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Palo Alto Weekly

Real Estate - March 4, 2011

Garden tips for March

It's never too early to pass on a love of gardening

by Jack McKinnon

There are families where the children grow up knowing that their parents and grandparents were gardeners. They can point to the lemon tree that grandma planted in the back yard that still produces lemons.

This month's garden tips will be on helping children get started in gardening. Here are the tips:

1. Always a good start in showing kids where plants come from is to grow sprouts. Beans work well as do alfalfa seeds. Put three tablespoons in the bottom of a clean quart jar and rubber-band a piece of window screen (from the hardware store) over the mouth. Rinse twice a day with clean cold water and put it on a window sill out of direct light. In a week the jar will be full of new plants. Make a salad with them and repeat.

2. Buy some packs of seeds at the nursery or hardware store. When you are looking at the selection, read the package back for when to plant them. This month plant beets, carrots, chard, radishes and nasturtiums.

3. Plant a tree with a child. They will never forget the special day with mom or dad. Be sure to plant it high so it can settle to ground level. Keep the soil level around the tree the same as when in the pot.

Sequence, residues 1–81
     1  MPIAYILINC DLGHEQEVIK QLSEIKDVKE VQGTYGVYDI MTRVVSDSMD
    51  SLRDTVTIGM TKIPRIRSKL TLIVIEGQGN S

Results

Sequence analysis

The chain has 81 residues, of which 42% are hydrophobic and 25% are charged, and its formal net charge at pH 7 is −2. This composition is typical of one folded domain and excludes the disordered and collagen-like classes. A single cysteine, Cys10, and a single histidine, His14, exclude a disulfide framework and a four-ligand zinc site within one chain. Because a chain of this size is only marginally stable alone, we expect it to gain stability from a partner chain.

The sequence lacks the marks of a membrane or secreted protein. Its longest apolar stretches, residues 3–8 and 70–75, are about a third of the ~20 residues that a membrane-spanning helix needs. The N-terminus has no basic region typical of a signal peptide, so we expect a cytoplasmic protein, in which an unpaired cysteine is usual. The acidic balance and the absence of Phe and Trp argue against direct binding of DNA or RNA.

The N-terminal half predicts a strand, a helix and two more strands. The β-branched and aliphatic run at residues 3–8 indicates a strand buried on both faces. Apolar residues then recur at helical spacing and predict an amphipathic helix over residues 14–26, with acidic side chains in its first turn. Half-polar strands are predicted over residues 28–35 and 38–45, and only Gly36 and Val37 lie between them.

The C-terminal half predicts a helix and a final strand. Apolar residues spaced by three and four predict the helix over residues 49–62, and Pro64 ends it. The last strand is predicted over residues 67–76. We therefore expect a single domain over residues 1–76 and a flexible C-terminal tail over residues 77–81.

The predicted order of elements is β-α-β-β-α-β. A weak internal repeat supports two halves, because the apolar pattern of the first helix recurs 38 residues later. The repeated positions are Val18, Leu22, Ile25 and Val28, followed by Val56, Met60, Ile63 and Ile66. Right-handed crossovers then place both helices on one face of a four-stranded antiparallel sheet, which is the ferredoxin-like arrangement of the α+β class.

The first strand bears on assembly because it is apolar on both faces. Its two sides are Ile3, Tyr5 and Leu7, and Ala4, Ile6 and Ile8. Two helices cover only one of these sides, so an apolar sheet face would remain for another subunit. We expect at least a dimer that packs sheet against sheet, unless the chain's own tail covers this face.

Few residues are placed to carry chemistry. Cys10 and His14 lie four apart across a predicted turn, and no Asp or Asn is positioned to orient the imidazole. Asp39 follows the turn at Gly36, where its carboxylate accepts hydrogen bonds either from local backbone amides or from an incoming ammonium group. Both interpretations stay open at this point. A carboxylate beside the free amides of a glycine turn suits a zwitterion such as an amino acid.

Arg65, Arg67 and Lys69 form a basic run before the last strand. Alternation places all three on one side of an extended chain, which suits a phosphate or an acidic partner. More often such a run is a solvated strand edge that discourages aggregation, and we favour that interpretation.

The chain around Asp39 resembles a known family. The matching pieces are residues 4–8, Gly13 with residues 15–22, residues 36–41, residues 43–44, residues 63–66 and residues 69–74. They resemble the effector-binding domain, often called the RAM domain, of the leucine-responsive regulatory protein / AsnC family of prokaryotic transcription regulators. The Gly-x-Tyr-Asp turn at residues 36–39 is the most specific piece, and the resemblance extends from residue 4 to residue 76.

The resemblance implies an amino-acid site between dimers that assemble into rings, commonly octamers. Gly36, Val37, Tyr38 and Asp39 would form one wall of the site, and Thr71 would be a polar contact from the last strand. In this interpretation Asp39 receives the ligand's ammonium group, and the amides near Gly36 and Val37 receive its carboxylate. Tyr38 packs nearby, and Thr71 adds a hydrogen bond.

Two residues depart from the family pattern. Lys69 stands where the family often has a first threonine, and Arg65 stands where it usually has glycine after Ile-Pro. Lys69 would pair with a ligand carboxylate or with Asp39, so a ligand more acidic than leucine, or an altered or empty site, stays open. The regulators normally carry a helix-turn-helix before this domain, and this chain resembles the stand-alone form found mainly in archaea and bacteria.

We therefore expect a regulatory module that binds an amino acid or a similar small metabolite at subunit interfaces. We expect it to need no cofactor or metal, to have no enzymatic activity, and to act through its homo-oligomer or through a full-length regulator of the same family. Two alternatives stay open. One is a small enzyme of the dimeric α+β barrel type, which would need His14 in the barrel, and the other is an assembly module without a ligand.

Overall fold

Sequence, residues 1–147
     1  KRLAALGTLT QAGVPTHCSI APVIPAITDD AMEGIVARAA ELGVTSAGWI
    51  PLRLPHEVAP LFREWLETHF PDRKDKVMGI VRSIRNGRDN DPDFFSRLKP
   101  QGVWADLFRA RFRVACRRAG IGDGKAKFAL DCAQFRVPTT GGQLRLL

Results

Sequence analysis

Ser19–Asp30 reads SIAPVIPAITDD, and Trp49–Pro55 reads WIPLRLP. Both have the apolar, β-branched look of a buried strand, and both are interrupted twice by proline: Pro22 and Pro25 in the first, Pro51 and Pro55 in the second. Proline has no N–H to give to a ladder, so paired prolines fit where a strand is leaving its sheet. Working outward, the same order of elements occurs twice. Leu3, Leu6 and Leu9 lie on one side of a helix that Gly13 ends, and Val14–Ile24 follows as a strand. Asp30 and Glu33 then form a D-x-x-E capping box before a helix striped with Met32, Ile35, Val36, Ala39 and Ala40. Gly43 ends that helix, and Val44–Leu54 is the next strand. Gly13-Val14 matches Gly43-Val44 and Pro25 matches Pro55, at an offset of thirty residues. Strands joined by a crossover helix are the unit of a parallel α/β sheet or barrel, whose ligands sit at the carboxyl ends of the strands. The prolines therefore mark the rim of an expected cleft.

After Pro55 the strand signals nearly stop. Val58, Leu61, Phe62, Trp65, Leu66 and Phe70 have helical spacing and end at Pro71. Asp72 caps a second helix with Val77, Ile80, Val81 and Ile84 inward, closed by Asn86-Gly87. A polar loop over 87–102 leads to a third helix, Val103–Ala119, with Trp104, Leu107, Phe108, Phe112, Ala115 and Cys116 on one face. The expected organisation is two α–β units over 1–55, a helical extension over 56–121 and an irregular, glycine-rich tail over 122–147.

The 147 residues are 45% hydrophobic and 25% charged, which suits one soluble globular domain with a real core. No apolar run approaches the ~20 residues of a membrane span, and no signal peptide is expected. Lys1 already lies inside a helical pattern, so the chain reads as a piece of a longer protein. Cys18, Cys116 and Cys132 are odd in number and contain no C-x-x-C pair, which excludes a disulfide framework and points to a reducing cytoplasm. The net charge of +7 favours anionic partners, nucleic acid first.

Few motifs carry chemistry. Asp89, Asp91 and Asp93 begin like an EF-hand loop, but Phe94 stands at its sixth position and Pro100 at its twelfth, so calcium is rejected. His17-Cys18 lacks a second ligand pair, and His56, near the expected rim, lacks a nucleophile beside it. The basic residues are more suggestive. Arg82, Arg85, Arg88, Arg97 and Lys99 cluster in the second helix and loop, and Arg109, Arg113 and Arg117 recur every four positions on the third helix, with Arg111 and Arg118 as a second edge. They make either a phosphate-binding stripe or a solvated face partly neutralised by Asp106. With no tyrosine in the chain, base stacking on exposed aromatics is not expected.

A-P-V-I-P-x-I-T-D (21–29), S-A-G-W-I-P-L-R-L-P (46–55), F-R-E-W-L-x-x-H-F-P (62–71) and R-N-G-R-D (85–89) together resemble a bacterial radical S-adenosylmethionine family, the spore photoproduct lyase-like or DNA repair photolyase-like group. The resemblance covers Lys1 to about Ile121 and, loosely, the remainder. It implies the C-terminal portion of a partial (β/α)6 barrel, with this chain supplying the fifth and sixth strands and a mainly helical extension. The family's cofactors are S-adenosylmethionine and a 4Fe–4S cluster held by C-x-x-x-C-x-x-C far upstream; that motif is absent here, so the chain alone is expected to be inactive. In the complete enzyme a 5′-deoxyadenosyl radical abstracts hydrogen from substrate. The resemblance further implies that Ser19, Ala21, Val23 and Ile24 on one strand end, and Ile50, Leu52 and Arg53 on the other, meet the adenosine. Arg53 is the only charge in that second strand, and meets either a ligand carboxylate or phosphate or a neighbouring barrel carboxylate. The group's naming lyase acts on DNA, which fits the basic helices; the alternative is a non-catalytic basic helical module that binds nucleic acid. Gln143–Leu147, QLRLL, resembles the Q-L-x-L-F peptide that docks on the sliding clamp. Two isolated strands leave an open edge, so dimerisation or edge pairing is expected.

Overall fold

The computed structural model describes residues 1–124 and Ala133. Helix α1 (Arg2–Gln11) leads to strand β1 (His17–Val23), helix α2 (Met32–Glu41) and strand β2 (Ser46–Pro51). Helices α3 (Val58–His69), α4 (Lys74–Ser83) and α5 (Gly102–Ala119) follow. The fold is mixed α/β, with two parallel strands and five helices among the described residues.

4. Sprout an avocado seed with three toothpicks stuck in the sides at equal spacing. Place on a glass of water so the roundest part just touches the water. Keep it in a window out of direct sun but warm. Refill the water as needed.

5. Go for a walk around the neighborhood and name plants. If you don't know the names, take a sample to the nursery and have them identify it.

6. If you have a young child, make a stepping stone with their footprints in it. Buy a bag of ready-mix concrete, mix up half of it with water and form it into a flat shape. Put a plastic bag over the kid's foot and press it into the wet concrete. Repeat with the other foot, being sure to remove the child's feet from the concrete.

7. Buy your child a pruning shear and teach them the basics. Let them prune dead branches, flowers and old fruit. After they get better they can start thinning and shaping plants.

8. Grow a vegetable garden and give the kids age-appropriate chores. Weeding, watering, thinning and harvesting all teach great lessons seldom learned in school.

9. Cook what you grow. There are no better memories than making a pasta primavera or a soup from veggies you grew yourself.

10. Plant something new every year. Mark the year by what you planted. Make it special and the legacy you leave with your children will likely go to their children as will the stories, the recipes and the love.

Good gardening.

Garden coach Jack McKinnon can be reached at 650-455-0687 (cell) or by e-mail at jack@jackthegardencoach.com. Visit his website at www.jackthegardencoach.com.

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